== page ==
Dr. Robert Knight of Florida Springs Institute has circulated the following document.  It should be read by all our water managers.   His conclusions are interesting.Scroll

Interested Persons

I was recently asked to provide an initial estimate of the sustainable or safe yield of groundwater from the Floridan Aquifer System in the Suwannee River Water Management District (WMD). I discuss an approach to estimating safe yield in my book Silenced Springs in Chapters 3 and 9. This email reiterates that discussion and provides an estimated range of maximum average safe yield that protects natural systems first and then identifies a reasonable amount of groundwater that is available for human uses in each WMD.

This analysis is based on the paper Ron Clarke and I prepared on the water budget for the entire Floridan Aquifer System. The United States Geological Survey (USGS) prepared a pre-development Floridan Aquifer water budget by using the earliest possible maps of aquifer levels and stream flow data. Their work estimated that on average, the FAS historically discharged about 14 billion gallons per day (BGD) through springs and diffuse leakage to surface waters in Georgia, Florida, and Alabama. About 11 BGD of this discharge was to Florida’s surface waters. The USGS also estimated that this average groundwater discharge to natural systems had declined to about 13 BGD by 1980 due to pumping, with Florida’s share of this total at about 10 BGD.

The Florida Springs Institute (FSI) assembled all readily-available spring flow records and found that by the 1930s, spring and groundwater inflows to Florida’s rivers was about 10.5 BGD with the following approximate breakdown by WMD:

  •        Northwest Florida WMD        2.4 BGD
    ·      St. Johns River WMD              1.3 BGD
    ·      Suwannee River WMD            4.7 BGD
    ·      Southwest Florida WMD        2.1 BGD

These estimates can be used, in combination with millions of dollars’ worth of WMD-funded science, to estimate safe groundwater yields. The WMDs, in their efforts to implement spring and river minimum flows and levels as required by the Water Resources Protection Act of 1973, have consistently determined that a flow reduction between 3 and 15 percent will be significantly harmful to the human use and water resource values protected under the Act. The U.S. Environmental Protection Agency staff have indicated that they believe springs are especially sensitive to flow reductions and that a safe MFL should be around a 5% reduction of average flows. Taking the existing research as a whole into consideration, the FSI has concluded that a 5% average spring flow reduction is a protective goal and that the maximum average flow reduction should be limited to less than 10%.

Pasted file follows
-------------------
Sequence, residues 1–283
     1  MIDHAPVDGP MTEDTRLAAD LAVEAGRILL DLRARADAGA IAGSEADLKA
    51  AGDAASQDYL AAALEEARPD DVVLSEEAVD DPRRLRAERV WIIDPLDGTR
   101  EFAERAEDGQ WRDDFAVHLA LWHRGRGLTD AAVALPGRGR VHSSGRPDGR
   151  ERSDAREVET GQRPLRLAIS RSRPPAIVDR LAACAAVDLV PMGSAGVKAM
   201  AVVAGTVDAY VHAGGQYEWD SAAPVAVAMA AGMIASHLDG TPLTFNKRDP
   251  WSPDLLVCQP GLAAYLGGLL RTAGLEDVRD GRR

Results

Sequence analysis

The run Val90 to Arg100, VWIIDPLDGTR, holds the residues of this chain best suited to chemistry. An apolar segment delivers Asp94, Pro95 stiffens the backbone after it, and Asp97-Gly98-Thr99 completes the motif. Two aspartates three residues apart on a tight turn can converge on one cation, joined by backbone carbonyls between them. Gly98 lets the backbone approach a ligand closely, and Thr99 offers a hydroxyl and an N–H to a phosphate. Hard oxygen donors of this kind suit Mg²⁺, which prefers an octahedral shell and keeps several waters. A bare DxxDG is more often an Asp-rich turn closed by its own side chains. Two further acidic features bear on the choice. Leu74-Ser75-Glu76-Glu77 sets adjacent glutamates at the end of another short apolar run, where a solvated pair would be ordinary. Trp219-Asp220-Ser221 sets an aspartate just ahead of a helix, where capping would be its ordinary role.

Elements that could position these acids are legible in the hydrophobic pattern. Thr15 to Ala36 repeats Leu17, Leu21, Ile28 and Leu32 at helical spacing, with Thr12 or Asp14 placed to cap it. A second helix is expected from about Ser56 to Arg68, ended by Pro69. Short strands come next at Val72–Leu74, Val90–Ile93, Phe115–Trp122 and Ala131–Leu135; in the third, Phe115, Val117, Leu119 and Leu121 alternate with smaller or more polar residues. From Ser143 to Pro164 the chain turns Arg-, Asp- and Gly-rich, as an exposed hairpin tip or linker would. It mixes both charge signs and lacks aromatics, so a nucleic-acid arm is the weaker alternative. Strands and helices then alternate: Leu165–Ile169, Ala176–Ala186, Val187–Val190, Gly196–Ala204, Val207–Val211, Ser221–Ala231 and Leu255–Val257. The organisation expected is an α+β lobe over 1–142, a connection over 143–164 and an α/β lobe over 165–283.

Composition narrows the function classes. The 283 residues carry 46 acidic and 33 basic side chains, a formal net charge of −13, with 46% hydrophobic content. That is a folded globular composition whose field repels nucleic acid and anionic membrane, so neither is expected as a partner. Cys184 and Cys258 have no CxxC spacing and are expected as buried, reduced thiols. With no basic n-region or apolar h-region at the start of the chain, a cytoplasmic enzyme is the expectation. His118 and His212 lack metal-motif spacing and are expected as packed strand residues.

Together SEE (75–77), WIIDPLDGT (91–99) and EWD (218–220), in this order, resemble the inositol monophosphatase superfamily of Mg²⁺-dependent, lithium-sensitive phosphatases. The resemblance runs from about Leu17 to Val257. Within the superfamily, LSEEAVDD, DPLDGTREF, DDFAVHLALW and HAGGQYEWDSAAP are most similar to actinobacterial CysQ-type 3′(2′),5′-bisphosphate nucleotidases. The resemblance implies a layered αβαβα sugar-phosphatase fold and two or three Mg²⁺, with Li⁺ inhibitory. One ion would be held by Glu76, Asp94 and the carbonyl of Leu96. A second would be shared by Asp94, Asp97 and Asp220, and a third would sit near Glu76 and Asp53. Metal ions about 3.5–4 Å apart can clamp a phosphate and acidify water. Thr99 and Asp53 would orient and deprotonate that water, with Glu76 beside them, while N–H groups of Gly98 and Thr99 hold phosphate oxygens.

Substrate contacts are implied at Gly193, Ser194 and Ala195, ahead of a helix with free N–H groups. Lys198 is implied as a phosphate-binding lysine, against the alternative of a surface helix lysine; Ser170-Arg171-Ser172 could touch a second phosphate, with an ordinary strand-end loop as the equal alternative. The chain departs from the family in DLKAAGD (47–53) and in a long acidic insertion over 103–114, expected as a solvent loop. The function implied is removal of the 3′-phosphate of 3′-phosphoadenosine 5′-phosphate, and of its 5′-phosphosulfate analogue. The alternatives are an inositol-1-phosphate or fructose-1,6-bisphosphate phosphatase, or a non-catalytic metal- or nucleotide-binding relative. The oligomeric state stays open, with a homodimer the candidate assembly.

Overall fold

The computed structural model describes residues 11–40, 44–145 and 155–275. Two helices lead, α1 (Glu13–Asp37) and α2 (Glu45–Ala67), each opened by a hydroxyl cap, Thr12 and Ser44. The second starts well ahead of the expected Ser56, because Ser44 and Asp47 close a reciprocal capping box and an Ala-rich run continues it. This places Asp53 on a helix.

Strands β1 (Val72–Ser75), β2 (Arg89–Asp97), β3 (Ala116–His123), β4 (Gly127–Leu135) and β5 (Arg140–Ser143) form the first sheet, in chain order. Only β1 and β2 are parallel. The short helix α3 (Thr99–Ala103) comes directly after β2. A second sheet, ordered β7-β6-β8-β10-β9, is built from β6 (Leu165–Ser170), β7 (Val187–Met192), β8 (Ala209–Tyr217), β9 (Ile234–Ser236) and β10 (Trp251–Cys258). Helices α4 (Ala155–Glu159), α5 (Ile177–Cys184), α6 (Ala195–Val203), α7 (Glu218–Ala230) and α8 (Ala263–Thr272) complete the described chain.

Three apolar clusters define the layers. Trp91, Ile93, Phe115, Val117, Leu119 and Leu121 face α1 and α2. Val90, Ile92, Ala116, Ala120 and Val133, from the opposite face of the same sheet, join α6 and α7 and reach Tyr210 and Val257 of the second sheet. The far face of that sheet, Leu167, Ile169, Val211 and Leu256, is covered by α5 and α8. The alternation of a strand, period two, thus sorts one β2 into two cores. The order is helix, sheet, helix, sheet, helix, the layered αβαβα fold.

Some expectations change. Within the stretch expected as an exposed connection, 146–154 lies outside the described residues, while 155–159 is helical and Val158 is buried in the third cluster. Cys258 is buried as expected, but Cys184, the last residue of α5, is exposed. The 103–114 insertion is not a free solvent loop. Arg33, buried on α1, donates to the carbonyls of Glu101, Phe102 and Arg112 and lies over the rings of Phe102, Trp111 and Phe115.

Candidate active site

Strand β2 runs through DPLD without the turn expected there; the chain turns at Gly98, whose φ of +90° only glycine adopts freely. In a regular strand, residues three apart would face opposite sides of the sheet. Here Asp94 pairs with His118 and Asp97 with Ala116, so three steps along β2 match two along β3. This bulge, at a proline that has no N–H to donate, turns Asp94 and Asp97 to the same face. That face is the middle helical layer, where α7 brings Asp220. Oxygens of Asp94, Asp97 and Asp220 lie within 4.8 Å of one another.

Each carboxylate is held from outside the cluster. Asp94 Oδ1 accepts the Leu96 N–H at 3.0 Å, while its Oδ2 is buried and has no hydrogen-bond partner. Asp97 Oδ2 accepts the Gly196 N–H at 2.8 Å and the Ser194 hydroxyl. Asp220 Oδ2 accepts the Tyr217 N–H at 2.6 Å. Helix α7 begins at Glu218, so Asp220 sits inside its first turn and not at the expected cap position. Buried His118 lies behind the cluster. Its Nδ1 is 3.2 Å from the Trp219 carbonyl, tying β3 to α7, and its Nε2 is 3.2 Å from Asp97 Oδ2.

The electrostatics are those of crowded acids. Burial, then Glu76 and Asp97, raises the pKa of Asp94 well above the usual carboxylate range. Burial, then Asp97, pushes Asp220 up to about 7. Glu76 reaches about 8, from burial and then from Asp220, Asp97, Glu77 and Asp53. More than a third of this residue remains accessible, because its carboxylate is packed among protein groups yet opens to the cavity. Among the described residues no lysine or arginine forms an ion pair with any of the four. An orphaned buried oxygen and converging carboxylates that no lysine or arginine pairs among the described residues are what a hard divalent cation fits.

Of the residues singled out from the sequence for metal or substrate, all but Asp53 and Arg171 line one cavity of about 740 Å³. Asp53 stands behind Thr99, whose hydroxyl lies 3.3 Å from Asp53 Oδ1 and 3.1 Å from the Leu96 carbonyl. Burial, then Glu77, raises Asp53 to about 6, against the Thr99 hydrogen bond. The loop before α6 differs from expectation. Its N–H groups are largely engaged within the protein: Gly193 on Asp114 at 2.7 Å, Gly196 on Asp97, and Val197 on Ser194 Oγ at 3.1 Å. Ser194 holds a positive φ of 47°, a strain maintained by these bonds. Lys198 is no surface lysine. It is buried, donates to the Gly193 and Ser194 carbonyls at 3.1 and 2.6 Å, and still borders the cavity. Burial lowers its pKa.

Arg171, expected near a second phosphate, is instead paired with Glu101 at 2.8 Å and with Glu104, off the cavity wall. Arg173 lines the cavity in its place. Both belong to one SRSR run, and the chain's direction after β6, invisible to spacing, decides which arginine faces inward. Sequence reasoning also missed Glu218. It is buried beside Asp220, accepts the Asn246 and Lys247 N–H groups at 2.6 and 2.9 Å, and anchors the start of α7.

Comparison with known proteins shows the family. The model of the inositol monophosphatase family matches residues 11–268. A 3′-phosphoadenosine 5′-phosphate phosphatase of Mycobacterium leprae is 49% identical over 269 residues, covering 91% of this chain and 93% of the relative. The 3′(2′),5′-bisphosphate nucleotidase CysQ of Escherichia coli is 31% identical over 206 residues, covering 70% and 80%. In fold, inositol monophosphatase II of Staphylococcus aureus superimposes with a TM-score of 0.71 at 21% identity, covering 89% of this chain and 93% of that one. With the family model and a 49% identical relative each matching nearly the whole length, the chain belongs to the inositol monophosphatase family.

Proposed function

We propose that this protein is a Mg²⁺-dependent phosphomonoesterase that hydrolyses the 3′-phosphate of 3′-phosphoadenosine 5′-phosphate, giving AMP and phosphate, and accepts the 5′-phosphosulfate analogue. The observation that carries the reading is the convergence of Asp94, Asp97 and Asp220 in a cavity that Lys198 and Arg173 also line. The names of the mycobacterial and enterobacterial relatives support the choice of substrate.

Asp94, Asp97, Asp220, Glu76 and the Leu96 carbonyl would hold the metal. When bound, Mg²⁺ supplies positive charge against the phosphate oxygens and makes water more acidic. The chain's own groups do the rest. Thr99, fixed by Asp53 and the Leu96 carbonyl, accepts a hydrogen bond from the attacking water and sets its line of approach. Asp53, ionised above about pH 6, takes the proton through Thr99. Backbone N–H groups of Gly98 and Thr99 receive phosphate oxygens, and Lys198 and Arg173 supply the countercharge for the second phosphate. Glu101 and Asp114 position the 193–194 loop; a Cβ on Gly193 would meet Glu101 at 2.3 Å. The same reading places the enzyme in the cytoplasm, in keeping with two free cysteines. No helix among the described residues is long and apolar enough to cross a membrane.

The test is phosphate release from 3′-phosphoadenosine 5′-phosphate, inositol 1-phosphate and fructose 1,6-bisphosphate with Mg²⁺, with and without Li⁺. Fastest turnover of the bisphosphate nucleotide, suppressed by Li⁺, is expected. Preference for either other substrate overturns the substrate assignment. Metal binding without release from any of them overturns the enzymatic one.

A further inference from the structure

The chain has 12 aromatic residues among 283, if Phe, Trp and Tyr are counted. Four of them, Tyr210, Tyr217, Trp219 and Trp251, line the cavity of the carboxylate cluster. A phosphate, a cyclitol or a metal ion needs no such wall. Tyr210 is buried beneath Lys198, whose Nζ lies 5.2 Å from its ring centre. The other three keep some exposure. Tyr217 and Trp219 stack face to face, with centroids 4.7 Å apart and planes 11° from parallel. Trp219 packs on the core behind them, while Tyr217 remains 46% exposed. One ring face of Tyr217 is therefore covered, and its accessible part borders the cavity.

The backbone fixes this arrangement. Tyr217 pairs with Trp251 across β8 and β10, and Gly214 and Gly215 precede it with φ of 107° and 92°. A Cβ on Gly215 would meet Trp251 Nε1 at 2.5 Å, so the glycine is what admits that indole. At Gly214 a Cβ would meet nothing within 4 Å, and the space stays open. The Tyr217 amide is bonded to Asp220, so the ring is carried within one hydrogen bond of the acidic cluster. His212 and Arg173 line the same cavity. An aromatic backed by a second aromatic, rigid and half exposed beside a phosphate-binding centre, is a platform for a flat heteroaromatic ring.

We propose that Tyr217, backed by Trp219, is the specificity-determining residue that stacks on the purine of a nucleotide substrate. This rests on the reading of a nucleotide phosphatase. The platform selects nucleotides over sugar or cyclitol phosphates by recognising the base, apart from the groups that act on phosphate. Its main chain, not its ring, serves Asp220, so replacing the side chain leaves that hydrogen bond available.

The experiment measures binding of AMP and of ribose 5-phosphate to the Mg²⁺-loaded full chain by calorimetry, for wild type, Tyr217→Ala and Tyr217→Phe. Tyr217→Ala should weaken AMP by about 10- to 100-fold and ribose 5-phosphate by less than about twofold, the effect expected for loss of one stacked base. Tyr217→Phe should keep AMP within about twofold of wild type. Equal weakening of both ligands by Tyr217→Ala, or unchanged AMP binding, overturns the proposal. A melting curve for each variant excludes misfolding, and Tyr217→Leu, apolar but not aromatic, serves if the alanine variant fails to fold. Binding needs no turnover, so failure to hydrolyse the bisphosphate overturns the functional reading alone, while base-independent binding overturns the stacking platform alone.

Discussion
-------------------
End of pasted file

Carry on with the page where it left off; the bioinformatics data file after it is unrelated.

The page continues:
These percentage flow reductions, in combination with the historic spring flows by WMD listed above can be used to come up with a first approximation of groundwater safe yield by WMD as follows:

  •        Northwest Florida WMD        120 to 240 million gallons per day (MGD)
    ·      St. Johns River WMD              64 to 128 MGD
    ·      Suwannee River WMD            237 to 475 MGD
    ·      Southwest Florida WMD        104 to 207 MGD

For a total Floridan Aquifer safe yield between 524 and 1,049 MGD. This is an estimated range for the average safe yield of groundwater pumping , not only in North Florida, but also in South Georgia where a few billion gallons per day of the recharge to the Floridan Aquifer is occurring. Current USGS groundwater pumping estimates in this area are roughly 3.5 BGD. This analysis indicates that we are pumping between 2.5 to 3 BGD too much water out of the springs and rivers than what is needed to protect their health. The effects of these excessive withdrawals are readily apparent to all who are watching the declining health of Florida’s springs.

In conclusion, the Suwannee River WMD (2010 USGS pumping estimate of about 219 MGD) is the only WMD pumping within a reasonable safe yield. The Northwest Florida WMD (about 253 MGD) is in second place, while St. Johns (979 MGD) and Southwest Florida (965 MGD) are far and away the worst offenders. This inequity between WMDs is possible because of the fact that groundwater in the Floridan Aquifer does not respect WMD boundaries.

I hope this information will help you focus your efforts to inform the public and their leaders.

Best wishes,


Robert L. Knight, Ph.D.
Howard T. Odum Florida Springs Institute
5302 NW 156 Avenue
Gainesville, Florida 32653
386-462-1003 office

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